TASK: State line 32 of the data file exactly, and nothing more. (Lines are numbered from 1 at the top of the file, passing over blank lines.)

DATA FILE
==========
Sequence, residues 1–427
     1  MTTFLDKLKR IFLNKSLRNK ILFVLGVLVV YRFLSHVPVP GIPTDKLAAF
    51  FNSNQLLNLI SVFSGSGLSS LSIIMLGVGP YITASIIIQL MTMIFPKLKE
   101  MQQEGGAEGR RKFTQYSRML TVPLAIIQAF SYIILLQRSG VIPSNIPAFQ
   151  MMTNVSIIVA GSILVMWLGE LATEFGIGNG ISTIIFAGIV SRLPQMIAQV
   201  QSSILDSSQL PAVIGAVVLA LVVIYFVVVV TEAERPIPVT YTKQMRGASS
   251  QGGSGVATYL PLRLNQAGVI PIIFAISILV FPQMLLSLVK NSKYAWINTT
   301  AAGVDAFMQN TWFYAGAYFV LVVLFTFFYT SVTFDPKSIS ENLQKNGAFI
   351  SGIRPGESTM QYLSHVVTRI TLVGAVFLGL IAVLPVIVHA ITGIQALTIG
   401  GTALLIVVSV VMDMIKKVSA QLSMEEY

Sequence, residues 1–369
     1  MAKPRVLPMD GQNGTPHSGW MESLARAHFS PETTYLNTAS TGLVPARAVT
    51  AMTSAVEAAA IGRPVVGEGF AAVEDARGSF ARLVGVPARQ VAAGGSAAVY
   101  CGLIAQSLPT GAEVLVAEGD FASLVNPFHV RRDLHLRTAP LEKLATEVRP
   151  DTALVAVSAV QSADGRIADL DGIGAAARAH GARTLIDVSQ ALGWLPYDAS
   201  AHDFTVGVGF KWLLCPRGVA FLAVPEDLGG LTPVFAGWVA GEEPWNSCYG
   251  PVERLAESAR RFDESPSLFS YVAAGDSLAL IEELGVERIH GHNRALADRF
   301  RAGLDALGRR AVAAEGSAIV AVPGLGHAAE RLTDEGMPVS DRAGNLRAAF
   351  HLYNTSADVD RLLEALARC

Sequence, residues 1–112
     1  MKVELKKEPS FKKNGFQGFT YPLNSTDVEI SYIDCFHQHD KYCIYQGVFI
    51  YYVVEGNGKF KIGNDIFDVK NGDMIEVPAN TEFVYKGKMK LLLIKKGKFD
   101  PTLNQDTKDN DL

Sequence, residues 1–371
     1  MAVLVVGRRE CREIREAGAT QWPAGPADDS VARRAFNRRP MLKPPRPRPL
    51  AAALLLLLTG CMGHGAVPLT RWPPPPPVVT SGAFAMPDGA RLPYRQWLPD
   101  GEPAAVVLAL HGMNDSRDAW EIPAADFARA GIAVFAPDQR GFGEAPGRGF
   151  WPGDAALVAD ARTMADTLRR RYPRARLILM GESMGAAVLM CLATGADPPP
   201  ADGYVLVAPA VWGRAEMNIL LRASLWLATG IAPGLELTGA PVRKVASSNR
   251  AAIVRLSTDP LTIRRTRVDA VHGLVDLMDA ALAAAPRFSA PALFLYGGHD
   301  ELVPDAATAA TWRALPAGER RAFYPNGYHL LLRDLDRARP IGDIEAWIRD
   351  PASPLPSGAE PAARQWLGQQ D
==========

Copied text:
   351  PASPLPSGAE PAARQWLGQQ D